Page 4898 - Week 15 - Thursday, 15 December 2005

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As I said recently, I have actually been around to all the sheds of all the brigades. I have presented myself to all the volunteers. I have had no-holds-barred conversations with them and been perfectly honest with them in my responses to them. I was warmly welcomed into those sheds and those brigades. They said to me—and remember that it was Mr Smyth who was the minister prior to 2001—“It’s really nice to see the minister come and see us in the sheds and in the brigades.” Mr Smyth went to Geyser’s Creek Rural Fire Services Brigade but other ministers of the Liberal persuasion were notably absent. They had no interest whatsoever in emergency services.

Mr Pratt seems to be making a professional attempt to alienate himself further and further from the emergency services organisation, and I for one am heartily sick of it. I only wish that Mr Pratt would realise the responsibility that he carries as the alternative emergency services minister and start to support those people instead of bagging them. He picks out the little thing that he is told is wrong, believes it to be gospel without checking it out and then bags the whole organisation in the process. Mr Speaker, the government will not be supporting one word of this motion.

DR FOSKEY (Molonglo) (11.27): While I have some sympathy with Mr Pratt’s motion, I do not think it is time to be holding a select committee inquiry into the Emergency Services Authority. My sympathy for the motion stems from the concerns raised around the ESA’s standard of governance, as evidenced in its 2004-05 annual report and discussed through the annual report hearings and media reports of volunteer dissatisfaction. I have to say, though, that I have not heard directly from any of those volunteers. I will reserve my opinion on those media reports until I have actually consulted more widely on the concerns that they raise.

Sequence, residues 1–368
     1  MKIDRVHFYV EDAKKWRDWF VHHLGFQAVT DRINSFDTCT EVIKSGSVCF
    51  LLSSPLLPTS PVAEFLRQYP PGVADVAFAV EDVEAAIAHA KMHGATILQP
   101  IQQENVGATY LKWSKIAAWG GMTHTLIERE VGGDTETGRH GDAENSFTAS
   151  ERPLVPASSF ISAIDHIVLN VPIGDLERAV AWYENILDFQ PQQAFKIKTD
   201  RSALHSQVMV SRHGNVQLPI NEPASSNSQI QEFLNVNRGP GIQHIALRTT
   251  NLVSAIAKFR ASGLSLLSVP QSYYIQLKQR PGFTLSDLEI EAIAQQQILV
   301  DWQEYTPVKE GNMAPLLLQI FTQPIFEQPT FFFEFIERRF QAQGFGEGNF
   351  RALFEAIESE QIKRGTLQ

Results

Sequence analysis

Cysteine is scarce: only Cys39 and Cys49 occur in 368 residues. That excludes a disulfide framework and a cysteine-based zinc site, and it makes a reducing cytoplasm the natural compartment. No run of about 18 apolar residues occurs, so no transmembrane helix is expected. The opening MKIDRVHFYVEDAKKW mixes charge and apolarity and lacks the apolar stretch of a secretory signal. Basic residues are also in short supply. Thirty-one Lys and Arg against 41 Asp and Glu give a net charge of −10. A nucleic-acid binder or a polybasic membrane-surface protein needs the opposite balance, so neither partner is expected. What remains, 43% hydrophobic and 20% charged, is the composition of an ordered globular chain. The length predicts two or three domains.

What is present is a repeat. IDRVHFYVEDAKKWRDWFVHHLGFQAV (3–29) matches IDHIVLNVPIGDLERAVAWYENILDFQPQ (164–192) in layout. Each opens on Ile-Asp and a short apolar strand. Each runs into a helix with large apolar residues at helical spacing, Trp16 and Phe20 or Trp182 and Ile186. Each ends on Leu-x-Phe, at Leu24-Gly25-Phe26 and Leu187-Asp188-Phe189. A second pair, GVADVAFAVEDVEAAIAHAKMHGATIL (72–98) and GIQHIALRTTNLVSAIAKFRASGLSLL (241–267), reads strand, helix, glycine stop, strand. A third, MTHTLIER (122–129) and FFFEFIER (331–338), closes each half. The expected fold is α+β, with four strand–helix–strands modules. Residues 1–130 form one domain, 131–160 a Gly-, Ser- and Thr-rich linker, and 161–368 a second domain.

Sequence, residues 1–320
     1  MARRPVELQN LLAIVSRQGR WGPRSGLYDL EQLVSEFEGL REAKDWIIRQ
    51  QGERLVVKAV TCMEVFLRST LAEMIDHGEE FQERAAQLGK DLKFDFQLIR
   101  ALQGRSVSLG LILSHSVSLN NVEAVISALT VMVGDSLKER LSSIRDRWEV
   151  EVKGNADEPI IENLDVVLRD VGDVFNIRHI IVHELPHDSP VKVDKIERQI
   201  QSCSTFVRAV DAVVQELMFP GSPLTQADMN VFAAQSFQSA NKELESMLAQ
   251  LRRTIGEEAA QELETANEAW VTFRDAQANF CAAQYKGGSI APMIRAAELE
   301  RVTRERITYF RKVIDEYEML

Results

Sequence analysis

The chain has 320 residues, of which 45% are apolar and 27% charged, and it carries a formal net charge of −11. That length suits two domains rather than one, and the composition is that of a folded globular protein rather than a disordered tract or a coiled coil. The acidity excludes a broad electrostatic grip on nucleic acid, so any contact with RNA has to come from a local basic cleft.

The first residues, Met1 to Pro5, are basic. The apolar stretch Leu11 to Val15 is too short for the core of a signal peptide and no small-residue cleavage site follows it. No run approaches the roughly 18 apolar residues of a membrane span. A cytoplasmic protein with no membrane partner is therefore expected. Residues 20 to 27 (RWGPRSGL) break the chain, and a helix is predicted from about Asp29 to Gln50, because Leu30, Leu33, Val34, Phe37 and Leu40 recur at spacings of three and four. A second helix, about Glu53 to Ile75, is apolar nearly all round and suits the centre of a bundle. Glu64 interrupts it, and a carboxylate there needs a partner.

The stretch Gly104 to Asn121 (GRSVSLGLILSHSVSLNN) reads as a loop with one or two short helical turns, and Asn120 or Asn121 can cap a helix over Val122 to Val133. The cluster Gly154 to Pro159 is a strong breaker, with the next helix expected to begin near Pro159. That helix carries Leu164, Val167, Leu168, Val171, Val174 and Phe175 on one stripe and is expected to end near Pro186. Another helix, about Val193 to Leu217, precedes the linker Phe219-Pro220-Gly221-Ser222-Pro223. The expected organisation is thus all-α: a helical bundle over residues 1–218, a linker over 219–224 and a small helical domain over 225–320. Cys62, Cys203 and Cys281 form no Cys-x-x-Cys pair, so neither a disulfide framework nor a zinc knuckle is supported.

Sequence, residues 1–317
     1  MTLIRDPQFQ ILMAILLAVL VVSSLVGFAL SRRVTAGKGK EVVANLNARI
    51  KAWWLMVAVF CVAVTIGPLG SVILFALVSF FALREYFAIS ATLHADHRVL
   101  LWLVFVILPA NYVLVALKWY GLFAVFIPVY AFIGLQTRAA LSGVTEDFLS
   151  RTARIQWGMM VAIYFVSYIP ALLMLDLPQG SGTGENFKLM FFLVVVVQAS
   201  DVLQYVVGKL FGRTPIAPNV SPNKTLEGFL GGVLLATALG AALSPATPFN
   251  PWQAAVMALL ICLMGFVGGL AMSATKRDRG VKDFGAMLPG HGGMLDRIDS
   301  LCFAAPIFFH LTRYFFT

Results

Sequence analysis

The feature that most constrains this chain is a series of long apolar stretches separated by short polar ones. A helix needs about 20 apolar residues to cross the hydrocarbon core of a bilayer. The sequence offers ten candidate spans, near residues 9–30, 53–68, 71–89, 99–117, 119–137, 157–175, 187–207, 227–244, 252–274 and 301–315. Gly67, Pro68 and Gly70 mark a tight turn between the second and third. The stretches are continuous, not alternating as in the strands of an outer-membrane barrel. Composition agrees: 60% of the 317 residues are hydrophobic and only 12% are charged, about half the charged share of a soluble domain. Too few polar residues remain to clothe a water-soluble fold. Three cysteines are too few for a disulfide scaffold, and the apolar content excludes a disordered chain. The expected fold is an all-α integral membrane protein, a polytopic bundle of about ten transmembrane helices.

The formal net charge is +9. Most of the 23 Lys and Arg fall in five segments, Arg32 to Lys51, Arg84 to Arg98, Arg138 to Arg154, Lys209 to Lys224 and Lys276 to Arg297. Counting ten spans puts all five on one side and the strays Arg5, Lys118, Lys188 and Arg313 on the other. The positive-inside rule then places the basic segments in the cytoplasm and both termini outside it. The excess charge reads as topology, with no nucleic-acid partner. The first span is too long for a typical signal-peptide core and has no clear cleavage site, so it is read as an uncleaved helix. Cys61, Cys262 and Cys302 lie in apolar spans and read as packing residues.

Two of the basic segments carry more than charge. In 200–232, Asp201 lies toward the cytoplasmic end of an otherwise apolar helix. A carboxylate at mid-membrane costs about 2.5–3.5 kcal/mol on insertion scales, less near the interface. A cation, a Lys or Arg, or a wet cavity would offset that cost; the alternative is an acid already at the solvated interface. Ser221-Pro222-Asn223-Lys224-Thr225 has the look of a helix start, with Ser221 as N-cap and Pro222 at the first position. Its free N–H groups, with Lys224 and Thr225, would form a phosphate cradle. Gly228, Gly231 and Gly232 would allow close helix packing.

There are also concerns regarding the lack of promised funding for community fire units and lack of progress in constructing a new ESA headquarters and training facility. The Auditor-General’s 2004-05 financial audit of agencies noted, in regard to the ESA, that the authority’s corporate governance framework is still developing; employee expenses were less than the amount budgeted by $3.2 million as the authority did not fill all planned positions during the year; and the budgeted operating surplus was not achieved due to capital injection funding not being fully drawn down because of the discontinuation of two major projects.

When the annual report was produced, the ESA had only been established for a year. It would appear to be a bit presumptuous to set up a select committee inquiry into the authority’s still-evolving governance arrangements because the annual report is of a barely moderate standard. However, I am happy to put on the record that if, during next year’s annual report hearings, we find that ESA’s governance standards have not improved, I would be pleased to support a closer examination of its operations.

I do not believe that, in the first year of operation, $3.2 million, or 12 per cent, underspending on staff is a sign of terminal mismanagement, but it does indicate an area to be watched closely. While I am concerned by the government’s failure to deliver funding for community fire units and to build the new headquarters, I know that these matters do take time and I do not think that there is sufficient cause for a select committee or an inquiry into the ESA. As Mr Pratt has apparently been doing, we can

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